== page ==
HOSPICE chiefs say they can with an increase in patients as new figures predict that half of people will develop cancer at some point in their lives.
The latest forecast from Cancer Research UK says that the UK faces a “crisis” if the NHS does not plan ahead.
Bosses at Hartlepool and District Hospice say they have no concerns about meeting the needs of the town, but do worry about funding.
Chief executive Tracy Woodall, said: “These statistics have been in the public for about a year and are common sense when you look at demographic data relating to a growing older population.
“As far as the hospice is concerned, we have no concerns about being able to meet the needs of our population as the range of services we provide enables choice of how and where people are cared for. Our only concern is having the funding to be able to respond to those needs. Developing cancer does not necessarily mean people will die from those cancers and many people survive for years after receiving treatment; this in itself brings about complexities and the requirement for non-inpatient services such as counselling and psychological support both for the patient and their families.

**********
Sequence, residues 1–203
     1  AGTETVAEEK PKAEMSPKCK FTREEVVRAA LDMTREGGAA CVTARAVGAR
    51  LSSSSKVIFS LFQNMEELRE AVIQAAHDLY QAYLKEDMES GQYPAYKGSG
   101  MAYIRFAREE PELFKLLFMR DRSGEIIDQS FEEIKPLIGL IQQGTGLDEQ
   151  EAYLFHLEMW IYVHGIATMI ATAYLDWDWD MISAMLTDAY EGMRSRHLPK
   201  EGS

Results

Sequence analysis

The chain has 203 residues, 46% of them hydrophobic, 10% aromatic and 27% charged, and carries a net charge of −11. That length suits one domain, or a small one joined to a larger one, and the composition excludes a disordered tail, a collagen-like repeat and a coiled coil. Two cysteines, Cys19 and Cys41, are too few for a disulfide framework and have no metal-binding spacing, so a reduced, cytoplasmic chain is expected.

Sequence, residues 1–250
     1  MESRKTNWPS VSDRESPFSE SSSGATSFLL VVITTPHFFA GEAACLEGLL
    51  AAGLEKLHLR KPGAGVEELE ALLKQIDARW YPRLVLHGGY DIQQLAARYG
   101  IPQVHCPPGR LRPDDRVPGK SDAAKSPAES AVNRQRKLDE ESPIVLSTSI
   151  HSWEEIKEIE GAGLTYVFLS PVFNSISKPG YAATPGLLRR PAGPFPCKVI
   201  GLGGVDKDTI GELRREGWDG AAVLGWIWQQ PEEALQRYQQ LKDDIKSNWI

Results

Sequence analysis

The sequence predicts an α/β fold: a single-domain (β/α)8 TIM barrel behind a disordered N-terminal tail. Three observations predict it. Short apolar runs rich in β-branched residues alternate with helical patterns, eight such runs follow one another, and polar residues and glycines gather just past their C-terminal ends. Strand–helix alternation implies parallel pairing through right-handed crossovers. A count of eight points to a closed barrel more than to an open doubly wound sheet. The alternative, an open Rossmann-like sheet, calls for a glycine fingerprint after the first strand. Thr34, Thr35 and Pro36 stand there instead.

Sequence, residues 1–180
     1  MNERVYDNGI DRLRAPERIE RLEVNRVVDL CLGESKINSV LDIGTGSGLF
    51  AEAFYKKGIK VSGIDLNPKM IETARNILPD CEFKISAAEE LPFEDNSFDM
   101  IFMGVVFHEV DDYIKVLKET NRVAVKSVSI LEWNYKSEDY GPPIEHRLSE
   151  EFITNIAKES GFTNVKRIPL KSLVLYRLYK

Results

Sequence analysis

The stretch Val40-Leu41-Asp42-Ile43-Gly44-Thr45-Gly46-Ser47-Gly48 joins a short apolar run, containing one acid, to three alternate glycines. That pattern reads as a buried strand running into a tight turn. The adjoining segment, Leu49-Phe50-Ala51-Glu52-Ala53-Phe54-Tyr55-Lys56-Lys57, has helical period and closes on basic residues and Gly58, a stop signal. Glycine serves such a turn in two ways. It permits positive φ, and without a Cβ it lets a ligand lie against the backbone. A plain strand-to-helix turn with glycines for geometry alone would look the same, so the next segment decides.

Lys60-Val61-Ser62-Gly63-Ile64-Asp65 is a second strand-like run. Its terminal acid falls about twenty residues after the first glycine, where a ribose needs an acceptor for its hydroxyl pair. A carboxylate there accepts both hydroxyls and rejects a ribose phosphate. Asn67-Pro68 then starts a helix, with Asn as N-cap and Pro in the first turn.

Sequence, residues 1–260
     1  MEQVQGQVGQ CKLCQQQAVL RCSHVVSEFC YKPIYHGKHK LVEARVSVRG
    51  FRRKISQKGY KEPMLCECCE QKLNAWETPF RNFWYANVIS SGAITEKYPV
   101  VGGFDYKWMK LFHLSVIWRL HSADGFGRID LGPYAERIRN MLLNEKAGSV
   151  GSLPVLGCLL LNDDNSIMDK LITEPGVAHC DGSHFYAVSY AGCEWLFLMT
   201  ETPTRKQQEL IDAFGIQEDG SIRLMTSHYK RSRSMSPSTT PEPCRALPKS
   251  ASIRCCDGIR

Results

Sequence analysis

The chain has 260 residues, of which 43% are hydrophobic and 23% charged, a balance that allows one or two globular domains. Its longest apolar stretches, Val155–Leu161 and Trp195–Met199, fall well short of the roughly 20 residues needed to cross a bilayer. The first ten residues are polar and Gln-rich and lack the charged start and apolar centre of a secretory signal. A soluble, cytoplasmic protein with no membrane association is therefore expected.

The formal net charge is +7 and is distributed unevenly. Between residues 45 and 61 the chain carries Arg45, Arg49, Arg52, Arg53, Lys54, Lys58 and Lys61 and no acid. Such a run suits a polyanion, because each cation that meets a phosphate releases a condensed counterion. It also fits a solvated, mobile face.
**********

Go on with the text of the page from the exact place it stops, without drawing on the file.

“Surviving cancer can leave a patient feeling vulnerable, confused and frightened about what their future will be like and if the cancer will return and this can impact on their daily living.
“Services must be developed around the individual needs of the patient and their family, each one is unique, not everyone wants or needs the same thing. The hospice like other providers must work in partnership to deliver the most patient centred, cost effective care to ensure our community is supported.
“Incidences of cancer in Hartlepool and East Durham are high compared to the national average and the hospice is able to respond to these demands because of the huge community support.”
The new figure, which replaces the previous of one in three, is the most accurate forecast to date from Cancer Research UK and is published in the British Journal of Cancer. The charity said it highlights the urgent need to bolster public health and NHS cancer services so they can cope with a growing and ageing population and the looming demands for better diagnostics, treatments and earlier diagnosis.
Prevention must also play a role in the effort required to reduce the impact of the disease in coming decades, the charity said.
The UK’s cancer survival has doubled over the last 40 years and around half of patients now survive the disease for more than 10 years.